In many of our aviation accident cases, one of the first tasks for investigation is reviewing the report from the National Transportation Safety Board (“NTSB”). The “preliminary” report is generally available within a few days of an accident or incident, and then once further factual information has been obtained and the investigation is deemed complete, the NTSB prepares a “final” version of the report with both a detailed description of the facts obtained and the NTSB’s “probable cause” determination.[1]

We sometimes see the NTSB reports referenced or relied upon in litigation and occasionally must argue our position that certain parts of the report are inadmissible as evidence at trial. There are generally two parts in the NTSB reports that are subject to challenge: (1) the “probable cause” and opinions; and (2) inadmissible hearsay statements from witnesses. 

The NTSB’s Probable Cause Opinions Are Inadmissible In Court.

Under the Federal Aviation Act (“FAA”) as well as case law around the country, at most, only the factual portions of these reports are admissible as evidence in civil litigation. Federal Aviation Act of 1958, § 701(e), 49 U.S.C. § 1154(b)[2].

In North Carolina, the Courts have cited the FAA statute and held that no part of any report of the NTSB relating to any accident or the investigation thereof shall be admitted as evidence or used in any suit or action for damages growing out of any matter mentioned in such report or reports.[3] The Court in Bolick v. Sunbird Airlines, Inc. even went on to explain that our courts have excluded the portions of such reports expressing agency views and opinions, but agreed that factual information was admissible.[4]

To compare, in the case In re Paulsboro Derailment Cases[5], the New Jersey court held that the entire NTSB report was to be excluded from evidence based on the language of 49 U.S.C. §1154(b) that specifically uses the phrase no part” of the accident report may be admitted into evidence. 

Indeed, on the NTSB report itself where the “probable cause” is provided, there is even a notice in a box shaded in gray at the end that explicitly informs the public that such admission into evidence in a civil action is precluded[6]:

In one example, in the Davis v. Cessna case, the Court of Appeals in Arizona specifically held that trial court’s admission of the NTSB’s probable cause conclusion of pilot error was deemed “reversible error.” In other words, the verdict was reversed because the jury had improperly been informed that the NTSB decided the issue by finding the pilot was solely responsible for the crash. 

However, there are cases where the probable cause from the NTSB report was used in court because no objection was made and 49 U.S.C. § 1154(b) was not brought to the court’s attention.[7] These cases are considered anomalies. Thus, upon proper objection by legal counsel, the “probable cause” and opinions in the NTSB report are not admissible in Court.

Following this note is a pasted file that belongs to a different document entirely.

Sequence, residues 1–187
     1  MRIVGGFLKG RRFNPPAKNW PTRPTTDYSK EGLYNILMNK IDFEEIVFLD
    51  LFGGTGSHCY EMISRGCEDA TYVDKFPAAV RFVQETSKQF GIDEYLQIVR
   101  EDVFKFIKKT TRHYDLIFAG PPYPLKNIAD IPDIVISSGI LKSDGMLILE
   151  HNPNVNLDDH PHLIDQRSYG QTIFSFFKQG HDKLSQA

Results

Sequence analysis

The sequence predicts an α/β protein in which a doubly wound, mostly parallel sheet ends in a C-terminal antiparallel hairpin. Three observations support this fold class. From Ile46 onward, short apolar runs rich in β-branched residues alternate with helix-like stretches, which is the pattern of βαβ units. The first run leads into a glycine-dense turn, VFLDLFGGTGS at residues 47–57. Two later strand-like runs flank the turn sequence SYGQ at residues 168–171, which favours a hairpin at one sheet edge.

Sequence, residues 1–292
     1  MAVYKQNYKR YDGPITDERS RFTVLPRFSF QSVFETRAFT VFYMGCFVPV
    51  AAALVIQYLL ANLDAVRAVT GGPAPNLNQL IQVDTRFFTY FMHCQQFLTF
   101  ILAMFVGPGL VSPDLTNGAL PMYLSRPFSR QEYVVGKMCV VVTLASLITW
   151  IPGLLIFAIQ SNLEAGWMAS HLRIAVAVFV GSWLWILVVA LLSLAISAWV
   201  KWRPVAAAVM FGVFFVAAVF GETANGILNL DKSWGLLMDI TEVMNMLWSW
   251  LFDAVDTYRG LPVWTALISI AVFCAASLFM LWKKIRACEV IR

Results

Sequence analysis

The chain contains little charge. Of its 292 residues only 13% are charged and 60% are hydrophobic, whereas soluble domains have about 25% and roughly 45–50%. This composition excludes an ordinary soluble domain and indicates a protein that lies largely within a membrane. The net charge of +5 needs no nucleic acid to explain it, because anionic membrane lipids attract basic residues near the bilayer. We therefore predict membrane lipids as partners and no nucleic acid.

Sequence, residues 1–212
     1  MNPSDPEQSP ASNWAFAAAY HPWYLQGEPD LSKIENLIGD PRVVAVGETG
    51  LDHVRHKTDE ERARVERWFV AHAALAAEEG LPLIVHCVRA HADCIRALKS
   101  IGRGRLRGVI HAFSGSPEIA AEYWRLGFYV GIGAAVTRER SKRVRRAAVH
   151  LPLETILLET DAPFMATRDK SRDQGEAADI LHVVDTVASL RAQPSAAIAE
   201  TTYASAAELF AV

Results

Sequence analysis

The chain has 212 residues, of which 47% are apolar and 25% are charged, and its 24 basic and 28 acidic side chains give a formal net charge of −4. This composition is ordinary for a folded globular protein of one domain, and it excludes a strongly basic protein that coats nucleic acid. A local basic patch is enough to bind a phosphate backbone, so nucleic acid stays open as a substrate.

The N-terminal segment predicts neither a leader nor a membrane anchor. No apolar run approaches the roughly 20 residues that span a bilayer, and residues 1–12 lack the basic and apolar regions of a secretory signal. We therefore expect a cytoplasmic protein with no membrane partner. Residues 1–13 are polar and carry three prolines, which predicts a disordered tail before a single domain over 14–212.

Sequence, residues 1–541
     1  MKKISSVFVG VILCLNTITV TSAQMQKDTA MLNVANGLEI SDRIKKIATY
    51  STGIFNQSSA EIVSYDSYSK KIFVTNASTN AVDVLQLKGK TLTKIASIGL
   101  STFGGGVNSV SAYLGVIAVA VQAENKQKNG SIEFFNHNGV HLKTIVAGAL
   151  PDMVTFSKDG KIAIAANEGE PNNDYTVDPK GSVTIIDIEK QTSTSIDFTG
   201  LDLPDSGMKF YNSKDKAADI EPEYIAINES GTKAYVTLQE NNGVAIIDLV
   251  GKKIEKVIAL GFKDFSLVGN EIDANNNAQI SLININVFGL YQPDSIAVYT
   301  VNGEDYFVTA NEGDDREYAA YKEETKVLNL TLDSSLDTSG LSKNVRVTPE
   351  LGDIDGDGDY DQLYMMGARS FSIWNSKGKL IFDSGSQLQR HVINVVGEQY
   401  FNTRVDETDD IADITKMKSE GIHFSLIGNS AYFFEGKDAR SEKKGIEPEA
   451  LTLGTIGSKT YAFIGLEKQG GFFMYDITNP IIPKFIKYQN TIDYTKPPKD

Hearsay Statements From Witnesses In The NTSB Report Are Inadmissible In Court.

Additionally, the portions of the NTSB report that are based on witness (or pilot) statements to the NTSB must be scrutinized under the hearsay rule. In the Bolick casethe N.C. Court held that the portions of the NTSB airplane crash investigation report containing hearsay statements by pilots, witnesses and other non-officials who were not present to testify at trial were properly excluded at the negligence trial arising out of an airplane crash.[8]

Likewise, in John McShain, Inc. v. Cessna Aircraft Co.[9], the Pennsylvania court upheld the trial court’s exclusion of the NTSB report “to the extent it consisted of statements of pilots or other witnesses because they constitute inadmissible hearsay.” Some courts around the country will also choose to exclude the entire report to avoid the “arduous” process of weeding through which facts are not hearsay, as a matter of judicial economy.[10] Still, other courts will require the parties to redact the portions of the NTSB report that contain hearsay.[11]

The McShain court went on to state that memoranda submitted to the government by its investigators often contain statements from witnesses, and such memoranda would actually encompass double hearsay. Thus, while factual portions from official investigative reports are admissible under Rule 803(8)(c), “any hearsay contained in the report must also fall under one of the hearsay exceptions” or it should be excluded from evidence. In fact, the Advisory Committee on the F.R.E. also makes clear that Federal Rule of Evidence 803(8)[12] exempts from the hearsay rule only reports by officials; and of course, pilots and other witnesses are not “officials” for this purpose.[13]